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Code Generation and VC++ 8...

P: n/a
Recently I tried to use -G5 option on CL compiler (from Visual Studio
2005)... To my surprise, there is no processor specific optimizations
anymore! Is that correct?

Is so, why?

[]s
Fred
Mar 23 '06 #1
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7 Replies


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"Frederico Pissarra" <fr*******@vgainfo.com> wrote in message
news:ue****************@TK2MSFTNGP14.phx.gbl...
Recently I tried to use -G5 option on CL compiler (from Visual Studio
2005)... To my surprise, there is no processor specific optimizations
anymore! Is that correct?
Yes.
Is so, why?


They didn't actually do much of anything in the first place, so they were
eliminated.

Note that there is now /arch:sse{2}, which first appeared with VC7.1, and a
host of new floating-point code generation options which together have much
more performance impact than /G3{4,5,6} ever had.

-cd
Mar 23 '06 #2

P: n/a
"Carl Daniel [VC++ MVP]" <cp*****************************@mvps.org.nospam >
escreveu na mensagem news:ea**************@TK2MSFTNGP14.phx.gbl...
"Frederico Pissarra" <fr*******@vgainfo.com> wrote in message
news:ue****************@TK2MSFTNGP14.phx.gbl...
Recently I tried to use -G5 option on CL compiler (from Visual Studio
2005)... To my surprise, there is no processor specific optimizations
anymore! Is that correct?


Yes.
Is so, why?


They didn't actually do much of anything in the first place, so they were
eliminated.

Note that there is now /arch:sse{2}, which first appeared with VC7.1, and
a host of new floating-point code generation options which together have
much more performance impact than /G3{4,5,6} ever had.

-cd


Hello, Carl!!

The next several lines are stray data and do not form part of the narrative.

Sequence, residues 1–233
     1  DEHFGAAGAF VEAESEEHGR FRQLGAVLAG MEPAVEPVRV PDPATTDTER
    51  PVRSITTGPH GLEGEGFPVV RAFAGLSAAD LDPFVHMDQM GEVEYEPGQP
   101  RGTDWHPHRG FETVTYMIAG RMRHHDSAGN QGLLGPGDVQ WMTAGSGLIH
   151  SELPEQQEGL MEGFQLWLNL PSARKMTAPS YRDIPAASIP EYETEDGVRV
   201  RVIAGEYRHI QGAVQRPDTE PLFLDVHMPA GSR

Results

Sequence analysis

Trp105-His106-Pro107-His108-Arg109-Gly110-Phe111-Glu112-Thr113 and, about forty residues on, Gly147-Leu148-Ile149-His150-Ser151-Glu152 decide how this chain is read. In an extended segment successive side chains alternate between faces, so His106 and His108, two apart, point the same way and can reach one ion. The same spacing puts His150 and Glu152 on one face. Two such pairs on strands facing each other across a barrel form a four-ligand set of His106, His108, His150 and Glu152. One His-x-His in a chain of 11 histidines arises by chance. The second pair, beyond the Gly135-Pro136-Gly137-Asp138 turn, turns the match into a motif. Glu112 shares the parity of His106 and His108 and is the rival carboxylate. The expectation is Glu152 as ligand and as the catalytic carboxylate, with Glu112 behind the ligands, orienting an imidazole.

I never did a profound analysis of /G5 optimized generated code... I suppose
/G5 was created to do things like instruction pairing and so on... this is
made automatically in VC 8? What is the default platform? 386 or Pentium?

To use SSE the compiler must expect at least a Pentium 3 processor... SSE2,
Pentium 4!

What about AMD Athlon 64 processors?

Thanks....
Fred

PS: BTW... Probably you 'll notice some mispelled words and some expressions
not very common in english... this is because I'm brasillian and english is
not my native idiom...
So, please, forgive my poor english! :)
Mar 24 '06 #3

P: n/a
Frederico Pissarra wrote:
Hello, Carl!!

I never did a profound analysis of /G5 optimized generated code... I
suppose /G5 was created to do things like instruction pairing and so
on... this is made automatically in VC 8? What is the default
platform? 386 or Pentium?
The default is what used to be known as /GB - the "blended model".
Generally, the VC++ team tries to make each compiler release work well for
the "current" generation of CPUs when that versio nof VC++ is released. In
the case of VC8, it's tuned towards P4/AMD, but tends to avoid constructs
that perform really badly on older processors to avoid penalizing users with
older CPUs.

To use SSE the compiler must expect at least a Pentium 3 processor...
SSE2, Pentium 4!
Yes. Of course, that's a function of which CPU is used to run the code -
you can compile for SSE(2) on any machine that supports VC++, but if you
compiled for SSE(2), then the program will fail at runtime if you're not
runnig on a new enough CPU.

What about AMD Athlon 64 processors?
AMD64/EMT64 are fully supported by VC8, but it's a different compiler
executable rather than a command-line switch to specify 64 bit code
generation.

Thanks....
Fred

PS: BTW... Probably you 'll notice some mispelled words and some
expressions not very common in english... this is because I'm
brasillian and english is not my native idiom...
So, please, forgive my poor english! :)


Your English is just fine - no problems!

-cd
Mar 24 '06 #4

P: n/a

"Carl Daniel [VC++ MVP]" <cp*****************************@mvps.org.nospam >
wrote in message news:%2****************@TK2MSFTNGP11.phx.gbl...
Frederico Pissarra wrote:
Hello, Carl!! What about AMD Athlon 64 processors?


AMD64/EMT64 are fully supported by VC8, but it's a different compiler
executable rather than a command-line switch to specify 64 bit code
generation.


Indeed. You have to create a new active solution platform it's called x64 as
opposed to win32.

Detail. Only the win32 VC compiler platform supports __asm statements. It